Want to learn how to make Kimchee? This chef holds classes in Logan Square to pass on his family recipe

LOGAN SQUARE — Korean-American home chef Haejung Kim has hosted kimchee-making classes in Los Angeles for years, sharing his family’s recipe with anyone who wants to learn — and now she’s bringing them to Logan Square.

During the class, students learn how to prepare cabbage for kimchee, chop the ingredients, and make a spicy paste that mixes together at the end. They leave class with a quart-sized pot of homemade kimchee and the knowledge they need to make it themselves, Kim said.

Kim’s first class in Chicago will be on September 24 from 10 a.m. to noon at 1825 N. California Ave. You can register online here for $65. The seats are limited. Information about future classes will be shared on his Instagram.

Kim provides all the utensils and ingredients she buys the night before or the morning of a class. In addition, it offers Korean snacks. She only asks that students bring their own aprons, she said.

Kim walks students through every step and every ingredient, and she lets them know where they can get it all on their own.

“When I looked around, no one else is teaching a kimchee class in Chicago,” she said. “If someone wants to learn, there’s really no one else teaching it.”

Kim grew up making kimchee with her family on her grandmother’s farm in Korea, and the food gives her a “nostalgic feeling,” she said.

“They used to bury it in the soil at my grandmother’s farm to slowly ferment in the winter,” said Kim, 48. “I just have a lot of fond memories of cooking with my aunts and my grandmother.”

Kim’s classes will be “very intimate and warm” as they will be held in her home with a maximum of six people.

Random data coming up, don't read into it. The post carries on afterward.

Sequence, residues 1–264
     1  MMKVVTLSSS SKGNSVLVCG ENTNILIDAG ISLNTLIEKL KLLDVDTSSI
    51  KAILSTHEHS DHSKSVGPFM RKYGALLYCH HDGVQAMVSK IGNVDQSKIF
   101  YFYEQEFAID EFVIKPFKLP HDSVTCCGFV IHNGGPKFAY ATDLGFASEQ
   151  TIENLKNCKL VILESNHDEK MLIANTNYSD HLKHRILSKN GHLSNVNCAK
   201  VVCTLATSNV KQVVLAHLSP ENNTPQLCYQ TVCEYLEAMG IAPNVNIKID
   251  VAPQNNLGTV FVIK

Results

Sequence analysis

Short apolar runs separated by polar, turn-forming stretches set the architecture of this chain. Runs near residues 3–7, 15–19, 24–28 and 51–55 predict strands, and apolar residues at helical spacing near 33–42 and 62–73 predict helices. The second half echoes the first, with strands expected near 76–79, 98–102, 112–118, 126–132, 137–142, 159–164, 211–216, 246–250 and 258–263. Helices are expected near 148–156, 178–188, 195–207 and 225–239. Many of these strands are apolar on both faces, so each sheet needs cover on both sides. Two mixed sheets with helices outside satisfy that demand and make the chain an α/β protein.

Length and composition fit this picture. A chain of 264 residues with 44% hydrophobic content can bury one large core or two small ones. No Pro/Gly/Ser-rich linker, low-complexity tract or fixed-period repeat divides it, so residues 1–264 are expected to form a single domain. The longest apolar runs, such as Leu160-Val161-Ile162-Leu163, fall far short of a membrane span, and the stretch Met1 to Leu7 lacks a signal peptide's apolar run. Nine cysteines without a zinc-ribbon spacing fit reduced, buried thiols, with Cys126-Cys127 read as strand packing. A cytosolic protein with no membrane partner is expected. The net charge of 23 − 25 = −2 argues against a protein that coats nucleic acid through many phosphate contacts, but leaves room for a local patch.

“Most people can look online and get a recipe. But with ingredients you don’t know, it really helps to have someone guide you through the process,” she said. “Kimchee could be one of those things.”

Kim asked her mother to teach her how to make kimchee about 10 years ago. She would also invite friends over to practice making kimchee, which led to more formal classes at her home and at a communal kitchen in Los Angeles.

Kim moved to Chicago about a month ago and wants to continue her job.

“I found this really cool thing that was passed on to me, and I just wanted to pass it on to other people,” Kim said. “When you cook ethnic foods, there is a blockage, a bump that you have to get over. And I kind of want to hold your hand and help you get over this hump if you have any curiosity about kimchee.

Kimchee is traditionally a community food. The Korean word “kimjang” describes the act of making and sharing kimchee with a group of people.

“That’s kind of the heart of the community aspect,” Kim said. “Doing it together and then giving it away.”

Learning to make kimchee is a craft, and it doesn’t happen the same way every time, Kim said. But once you learn how to do it, you can do it forever, she said.

“Some people like it fresher. Some people like to let it ferment longer,” she said. “The flavors will evolve. That’s the interesting thing too. It’s always a little bit different.

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